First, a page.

information and displays the data accordingly. (This is the setup file that was generated
when you did the Default Graph Setup.) If for any reason you wish to change the way an
opened run is displayed, (usually scale changes), select RUN 1 SETUP from the SETUP
menu, then change whatever you like. These changes will only change that run. If you
want to change the setup for future downloads as well, you will need to connect the data
logger to the PC and do the Default Graph Setup.
Multiple Run Display
When more than one run is loaded it is possible that the runs may have different setup
files. If more than one run is being displayed, the setup file for Run 1 is used. If you
have added or changed sensors along the way, and the channel names for runs 2 to 4 are
different, the software will "gray out" the text data box for those channels to let you know
the data in those channels is not the same type as in Run 1.
Each time a run is downloaded from the data logger, the software stores a copy of the
default log page with it. This log page can then be accessed while the run is opened and
specific data for that run can be entered and saved for future reference. This log page
provides for time slip entry, notes entry, split time calculation and a large "racer setup"
section. The top three lines of the log page can also be viewed from the run graph screen.
The racer setup section can contain whatever information you want to record.
To setup the racer setup section of your log page, select "DEFAULT LOG PAGE" from
the LOG menu. The log page setup window is divided into two columns. The left
column is where you will enter the information type while doing this setup. The right
column is where the log information will be entered from each run. For example, if you
want your log book to contain weather information, the first four lines in the left column
The basic function of the log page is that items in the left column can only be changed
during the DEFAULT LOG PAGE setup. Items in the right column can be changed in
the setup or when the page is opened for a run. By entering those items in the left
column, they will appear on the log page when opened from a run. Then the information
for that run can be entered in the right column and stored in the log page for that run.
Some information that you wish to be in the log page, may not change very often. Since
it would be a nuisance to have to enter it every time you download a run, you may want
to put it in the default log page so it will be there already. For example, if you don't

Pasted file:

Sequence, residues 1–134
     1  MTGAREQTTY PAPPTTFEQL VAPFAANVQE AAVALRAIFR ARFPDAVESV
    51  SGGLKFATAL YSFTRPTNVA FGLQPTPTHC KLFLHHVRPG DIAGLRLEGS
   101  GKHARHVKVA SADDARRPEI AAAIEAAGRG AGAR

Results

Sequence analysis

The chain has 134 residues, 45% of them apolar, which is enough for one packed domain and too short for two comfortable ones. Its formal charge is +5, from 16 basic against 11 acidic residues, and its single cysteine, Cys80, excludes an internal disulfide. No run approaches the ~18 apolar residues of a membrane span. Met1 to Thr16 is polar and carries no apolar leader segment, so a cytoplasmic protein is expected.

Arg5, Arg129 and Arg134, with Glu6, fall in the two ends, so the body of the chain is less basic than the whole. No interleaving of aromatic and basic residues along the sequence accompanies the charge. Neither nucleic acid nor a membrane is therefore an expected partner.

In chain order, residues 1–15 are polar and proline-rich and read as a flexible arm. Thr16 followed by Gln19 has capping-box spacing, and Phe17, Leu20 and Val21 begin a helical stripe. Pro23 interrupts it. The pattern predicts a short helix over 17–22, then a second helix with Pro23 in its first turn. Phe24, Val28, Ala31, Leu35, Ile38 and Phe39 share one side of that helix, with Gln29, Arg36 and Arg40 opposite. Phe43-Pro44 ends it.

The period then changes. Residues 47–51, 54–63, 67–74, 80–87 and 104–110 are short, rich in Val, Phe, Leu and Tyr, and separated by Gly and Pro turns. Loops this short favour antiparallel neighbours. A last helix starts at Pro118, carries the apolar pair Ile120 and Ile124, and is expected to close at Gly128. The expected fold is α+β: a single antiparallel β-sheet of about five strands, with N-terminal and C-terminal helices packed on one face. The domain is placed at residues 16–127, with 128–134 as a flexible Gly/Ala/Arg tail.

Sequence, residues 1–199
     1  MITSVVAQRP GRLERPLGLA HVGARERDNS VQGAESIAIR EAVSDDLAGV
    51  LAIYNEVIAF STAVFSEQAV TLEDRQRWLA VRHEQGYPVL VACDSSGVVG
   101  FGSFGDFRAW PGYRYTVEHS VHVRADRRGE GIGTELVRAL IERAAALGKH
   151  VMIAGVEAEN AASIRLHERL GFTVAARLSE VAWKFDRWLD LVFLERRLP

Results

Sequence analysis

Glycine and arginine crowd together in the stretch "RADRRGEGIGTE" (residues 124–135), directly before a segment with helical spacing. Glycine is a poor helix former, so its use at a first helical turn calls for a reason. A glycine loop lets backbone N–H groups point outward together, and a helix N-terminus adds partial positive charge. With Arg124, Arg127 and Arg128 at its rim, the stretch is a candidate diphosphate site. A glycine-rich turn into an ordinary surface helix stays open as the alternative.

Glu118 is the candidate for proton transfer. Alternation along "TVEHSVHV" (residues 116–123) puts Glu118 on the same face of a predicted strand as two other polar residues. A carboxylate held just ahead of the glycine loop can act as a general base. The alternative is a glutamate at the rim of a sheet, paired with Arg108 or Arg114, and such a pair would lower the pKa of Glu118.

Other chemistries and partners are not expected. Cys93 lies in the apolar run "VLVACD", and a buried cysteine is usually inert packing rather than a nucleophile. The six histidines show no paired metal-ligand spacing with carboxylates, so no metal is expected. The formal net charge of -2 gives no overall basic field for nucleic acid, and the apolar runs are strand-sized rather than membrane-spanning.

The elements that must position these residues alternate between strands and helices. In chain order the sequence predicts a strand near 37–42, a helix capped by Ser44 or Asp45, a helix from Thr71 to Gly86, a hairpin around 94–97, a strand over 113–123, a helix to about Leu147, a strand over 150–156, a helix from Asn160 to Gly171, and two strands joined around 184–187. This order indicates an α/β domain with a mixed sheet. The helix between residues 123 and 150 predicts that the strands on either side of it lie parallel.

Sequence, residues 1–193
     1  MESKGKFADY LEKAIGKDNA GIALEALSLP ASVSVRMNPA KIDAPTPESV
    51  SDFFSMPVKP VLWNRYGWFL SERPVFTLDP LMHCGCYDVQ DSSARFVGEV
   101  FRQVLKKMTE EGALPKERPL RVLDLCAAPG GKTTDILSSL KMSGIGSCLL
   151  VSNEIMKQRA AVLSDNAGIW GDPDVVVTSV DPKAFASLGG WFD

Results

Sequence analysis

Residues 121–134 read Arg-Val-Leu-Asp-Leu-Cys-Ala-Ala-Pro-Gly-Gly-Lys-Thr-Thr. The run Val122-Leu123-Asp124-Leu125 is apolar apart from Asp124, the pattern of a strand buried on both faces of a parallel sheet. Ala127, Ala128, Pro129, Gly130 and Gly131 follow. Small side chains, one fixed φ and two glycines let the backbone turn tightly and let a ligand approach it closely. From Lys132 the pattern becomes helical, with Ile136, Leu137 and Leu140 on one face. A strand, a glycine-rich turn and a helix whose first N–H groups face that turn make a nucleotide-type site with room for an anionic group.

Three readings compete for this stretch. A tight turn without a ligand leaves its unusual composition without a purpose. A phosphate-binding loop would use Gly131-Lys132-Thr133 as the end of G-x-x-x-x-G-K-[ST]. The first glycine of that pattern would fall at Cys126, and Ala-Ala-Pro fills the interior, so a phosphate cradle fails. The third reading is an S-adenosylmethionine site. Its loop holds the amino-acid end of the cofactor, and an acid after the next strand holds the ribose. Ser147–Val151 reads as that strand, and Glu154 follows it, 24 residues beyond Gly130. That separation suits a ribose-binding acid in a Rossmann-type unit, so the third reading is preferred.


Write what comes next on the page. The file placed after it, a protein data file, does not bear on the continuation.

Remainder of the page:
change carb jets very often, enter "JETS" in the left column, and the jet sizes in the right
column of default log setup. That way the sizes will be part of the log page for each run
stored without having to enter them each time. If you change jets, modify the default
page, so runs downloaded after that will have the new jet size recorded in the log page.
For the items that you wish to enter each time you download a run, leave the right column
Entering run information into the log page can be done in several ways. When the run is
open, Time slip and Notes sections can be filled in from the run graph display by RIGHT
clicking on the run number in the text section. Also, if the run is open, the complete log
page can be accessed by selecting "LOG FOR OPEN RUNS" from the LOG menu at the
top of the page. If the run is not open, and you wish to view or modify the log page,
select VIEW LOG BOOK from the LOG menu.
This will open the complete log book and you can select the log pages you wish to view
or modify.
Each of the four analog channels, and the Accelerometer channel needs a calibration to
convert the voltage reading into the actual pressure, temperature or other reading. Most
sensors will come with a calibration sheet, and you need only enter those values. If you
purchased sensors with your unit, we have already entered the calibrations for you
(except shock travel and other sensors that need to be calibrated on the car).
Entering the calibration is a simple process, and usually takes less than a minute for most
channels. To bring up the calibration screen:
1. Connect the PC to the Data Logger.
2. Start the RPMPro software and power up the data logger.
3. From the CALIBRATE menu, select Calibrate Channels.
This will read the calibrations from the data logger, and display them on the screen.
The accelerometer (G meter) needs three calibration values, one for +1 G, one for -1 G
and one for 0 G. These values are obtained by rotating the sensor relative to gravity. At